Sausages (Le Menagier)
(The Goodman of Paris c.1393; trans. Eileen Power)

 TO MAKE SAUSAGES.  When you have killed your pig, take flesh of the ribs. . . and the best fat, as much of the one as of the other, in such quantity as you would make sausages; and cause it to be minced up and hashed up very small by a pastrycook.  Then bray fennel with a little fine salt, and afterwards, take your brayed fennel and mix it very well with a quarter as much [fine] spice powder; then mix it thoroughly your meat, your spices and your fennel and afterwards fill the intestines, to wit small ones.  (And know that the intestines of an old pig be better for this than those of a young one because they be larger.)  And afterwards put them to smoke for four days or more and when you would eat them, put them in hot water and boil them once and then put them on the grill. (p. 308)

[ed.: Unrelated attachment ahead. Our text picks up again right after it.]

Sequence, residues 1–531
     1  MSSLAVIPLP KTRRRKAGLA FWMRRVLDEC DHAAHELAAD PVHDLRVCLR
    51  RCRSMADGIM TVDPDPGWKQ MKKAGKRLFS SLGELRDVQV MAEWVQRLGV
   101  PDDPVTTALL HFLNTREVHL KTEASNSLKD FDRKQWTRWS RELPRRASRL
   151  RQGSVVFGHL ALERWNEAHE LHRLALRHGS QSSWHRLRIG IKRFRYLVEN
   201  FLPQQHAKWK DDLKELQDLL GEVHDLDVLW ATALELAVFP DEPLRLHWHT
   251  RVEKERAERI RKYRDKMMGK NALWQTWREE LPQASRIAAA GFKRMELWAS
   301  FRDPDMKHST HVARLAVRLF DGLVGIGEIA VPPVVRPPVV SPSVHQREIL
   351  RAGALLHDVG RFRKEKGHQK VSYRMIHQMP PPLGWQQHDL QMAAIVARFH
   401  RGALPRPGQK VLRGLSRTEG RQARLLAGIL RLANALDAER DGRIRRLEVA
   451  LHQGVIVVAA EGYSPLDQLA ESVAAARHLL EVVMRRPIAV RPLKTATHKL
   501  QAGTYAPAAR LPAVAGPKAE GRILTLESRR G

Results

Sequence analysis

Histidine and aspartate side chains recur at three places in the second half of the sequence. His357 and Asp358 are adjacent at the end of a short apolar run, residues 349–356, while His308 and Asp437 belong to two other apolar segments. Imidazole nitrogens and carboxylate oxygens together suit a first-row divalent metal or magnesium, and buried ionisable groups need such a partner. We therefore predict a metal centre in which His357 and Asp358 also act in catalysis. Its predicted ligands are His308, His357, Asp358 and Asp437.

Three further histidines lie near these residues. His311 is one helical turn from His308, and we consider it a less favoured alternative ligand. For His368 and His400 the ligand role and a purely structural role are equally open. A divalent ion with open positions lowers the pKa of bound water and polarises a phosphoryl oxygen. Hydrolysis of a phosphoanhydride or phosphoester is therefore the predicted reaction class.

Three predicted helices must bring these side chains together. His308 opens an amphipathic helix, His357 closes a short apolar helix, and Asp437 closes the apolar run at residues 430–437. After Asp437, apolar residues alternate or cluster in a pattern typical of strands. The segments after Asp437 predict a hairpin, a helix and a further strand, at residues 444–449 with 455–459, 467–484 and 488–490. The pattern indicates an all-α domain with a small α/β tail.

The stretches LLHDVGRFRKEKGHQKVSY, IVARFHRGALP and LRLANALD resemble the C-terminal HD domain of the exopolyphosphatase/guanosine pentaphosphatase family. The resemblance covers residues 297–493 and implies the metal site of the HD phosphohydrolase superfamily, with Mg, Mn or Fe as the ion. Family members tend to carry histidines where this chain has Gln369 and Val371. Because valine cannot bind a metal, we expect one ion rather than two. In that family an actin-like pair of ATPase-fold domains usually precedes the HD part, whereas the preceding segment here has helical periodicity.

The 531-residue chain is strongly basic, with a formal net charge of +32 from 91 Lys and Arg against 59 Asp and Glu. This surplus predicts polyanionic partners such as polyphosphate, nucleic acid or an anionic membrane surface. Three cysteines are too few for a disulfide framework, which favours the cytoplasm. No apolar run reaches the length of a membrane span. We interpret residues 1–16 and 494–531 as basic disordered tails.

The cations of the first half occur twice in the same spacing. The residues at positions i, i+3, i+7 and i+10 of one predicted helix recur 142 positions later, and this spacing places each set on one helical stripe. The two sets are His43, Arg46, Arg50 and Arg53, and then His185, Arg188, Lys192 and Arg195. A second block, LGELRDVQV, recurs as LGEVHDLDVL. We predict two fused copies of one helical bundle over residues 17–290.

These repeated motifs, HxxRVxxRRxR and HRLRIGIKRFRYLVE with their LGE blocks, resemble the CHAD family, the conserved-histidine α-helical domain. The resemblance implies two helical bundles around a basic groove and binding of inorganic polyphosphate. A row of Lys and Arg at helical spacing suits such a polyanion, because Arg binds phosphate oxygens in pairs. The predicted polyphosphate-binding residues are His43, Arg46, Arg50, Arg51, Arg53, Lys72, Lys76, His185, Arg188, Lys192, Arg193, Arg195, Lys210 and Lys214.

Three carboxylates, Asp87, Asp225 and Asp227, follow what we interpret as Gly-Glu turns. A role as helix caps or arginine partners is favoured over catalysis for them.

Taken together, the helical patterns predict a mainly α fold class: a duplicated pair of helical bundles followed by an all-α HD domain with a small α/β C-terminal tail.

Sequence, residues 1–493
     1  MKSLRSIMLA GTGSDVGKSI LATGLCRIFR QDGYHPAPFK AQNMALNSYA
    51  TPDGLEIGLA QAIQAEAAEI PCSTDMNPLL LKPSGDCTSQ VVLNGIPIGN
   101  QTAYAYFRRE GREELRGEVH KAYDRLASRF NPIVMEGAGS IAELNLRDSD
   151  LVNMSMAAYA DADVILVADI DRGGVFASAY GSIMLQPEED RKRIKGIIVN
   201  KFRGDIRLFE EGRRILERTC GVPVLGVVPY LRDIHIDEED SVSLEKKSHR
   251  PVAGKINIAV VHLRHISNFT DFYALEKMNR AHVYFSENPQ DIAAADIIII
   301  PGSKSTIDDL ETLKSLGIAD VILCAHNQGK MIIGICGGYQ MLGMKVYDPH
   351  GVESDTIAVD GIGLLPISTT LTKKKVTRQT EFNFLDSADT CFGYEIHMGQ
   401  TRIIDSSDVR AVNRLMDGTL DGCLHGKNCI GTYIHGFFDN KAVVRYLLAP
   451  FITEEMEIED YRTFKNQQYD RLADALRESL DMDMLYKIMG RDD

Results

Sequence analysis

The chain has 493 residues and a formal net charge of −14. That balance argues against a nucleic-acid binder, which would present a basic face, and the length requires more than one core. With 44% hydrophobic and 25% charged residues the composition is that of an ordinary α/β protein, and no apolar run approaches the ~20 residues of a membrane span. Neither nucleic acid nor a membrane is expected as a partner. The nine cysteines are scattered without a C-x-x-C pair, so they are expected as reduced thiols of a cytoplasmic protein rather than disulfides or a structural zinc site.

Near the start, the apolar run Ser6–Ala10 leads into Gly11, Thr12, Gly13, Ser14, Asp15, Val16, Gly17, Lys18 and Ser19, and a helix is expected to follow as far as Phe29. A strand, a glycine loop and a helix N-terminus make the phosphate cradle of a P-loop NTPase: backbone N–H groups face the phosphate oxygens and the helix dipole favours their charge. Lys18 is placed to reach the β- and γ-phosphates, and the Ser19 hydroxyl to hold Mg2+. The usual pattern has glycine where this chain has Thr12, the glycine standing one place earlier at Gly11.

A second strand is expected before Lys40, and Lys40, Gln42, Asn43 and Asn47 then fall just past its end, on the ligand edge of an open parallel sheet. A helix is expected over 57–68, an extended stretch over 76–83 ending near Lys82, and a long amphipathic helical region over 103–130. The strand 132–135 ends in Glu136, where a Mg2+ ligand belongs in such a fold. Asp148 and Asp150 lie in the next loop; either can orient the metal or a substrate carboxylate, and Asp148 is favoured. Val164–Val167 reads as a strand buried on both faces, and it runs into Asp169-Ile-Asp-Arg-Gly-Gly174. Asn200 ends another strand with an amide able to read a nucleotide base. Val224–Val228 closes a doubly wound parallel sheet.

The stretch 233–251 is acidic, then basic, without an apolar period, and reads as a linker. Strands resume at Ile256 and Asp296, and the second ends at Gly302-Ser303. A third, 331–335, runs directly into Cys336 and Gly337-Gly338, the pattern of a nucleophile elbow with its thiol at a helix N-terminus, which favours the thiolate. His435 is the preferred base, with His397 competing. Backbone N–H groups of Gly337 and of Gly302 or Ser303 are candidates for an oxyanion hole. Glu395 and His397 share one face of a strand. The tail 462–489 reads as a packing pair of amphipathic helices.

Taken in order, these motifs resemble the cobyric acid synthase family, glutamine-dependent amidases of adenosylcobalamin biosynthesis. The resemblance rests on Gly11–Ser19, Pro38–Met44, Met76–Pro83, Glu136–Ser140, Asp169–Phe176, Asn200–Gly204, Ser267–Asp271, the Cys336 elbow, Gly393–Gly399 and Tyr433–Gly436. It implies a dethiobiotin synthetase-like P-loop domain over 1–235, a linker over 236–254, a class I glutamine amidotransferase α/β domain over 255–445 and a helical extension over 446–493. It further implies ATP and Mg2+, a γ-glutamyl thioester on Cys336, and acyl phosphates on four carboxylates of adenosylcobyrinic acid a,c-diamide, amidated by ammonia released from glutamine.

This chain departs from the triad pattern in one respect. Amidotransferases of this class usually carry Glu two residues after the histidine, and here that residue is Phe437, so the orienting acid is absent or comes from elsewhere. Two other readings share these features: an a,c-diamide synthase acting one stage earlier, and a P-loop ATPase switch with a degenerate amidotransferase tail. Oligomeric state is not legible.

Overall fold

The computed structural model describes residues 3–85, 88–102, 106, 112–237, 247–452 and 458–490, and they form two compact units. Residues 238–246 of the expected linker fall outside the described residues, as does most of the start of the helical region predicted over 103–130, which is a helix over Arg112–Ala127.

serves 6-8

2# ground pork (65%lean)           2 Tbl.  salt                             1 Tbl. fine spice powder ¹
1/4 c.  ground fennel seed             natural sausage casing

 Grind pork and fat together to yield 35-50% fat (original specifies 50%).  Combine spices at
4 parts ground fennel seed to 1 part fine spice powder.  Mix into ground pork salt to taste.  (Unfortunately, Non-fat dry milk was added as a binder by the professional sausage maker who produced our sausage)  Stuff into casings and twist into links approx 4 inches long.  Cold smoke for 8 hours to 4 days.  To cook, put in hot water and bring to a boil (30-45 minutes) then grill (or roast) till golden.

¹ FINE [SPICE] POWDER.  Take of white ginger and ounce and a dram, of selected cinnamon a quarter, of cloves and grains [of paradise] eash half a quarter of an ounce, and of lump sugar a quarter and reduce them to powder. (p. 298)

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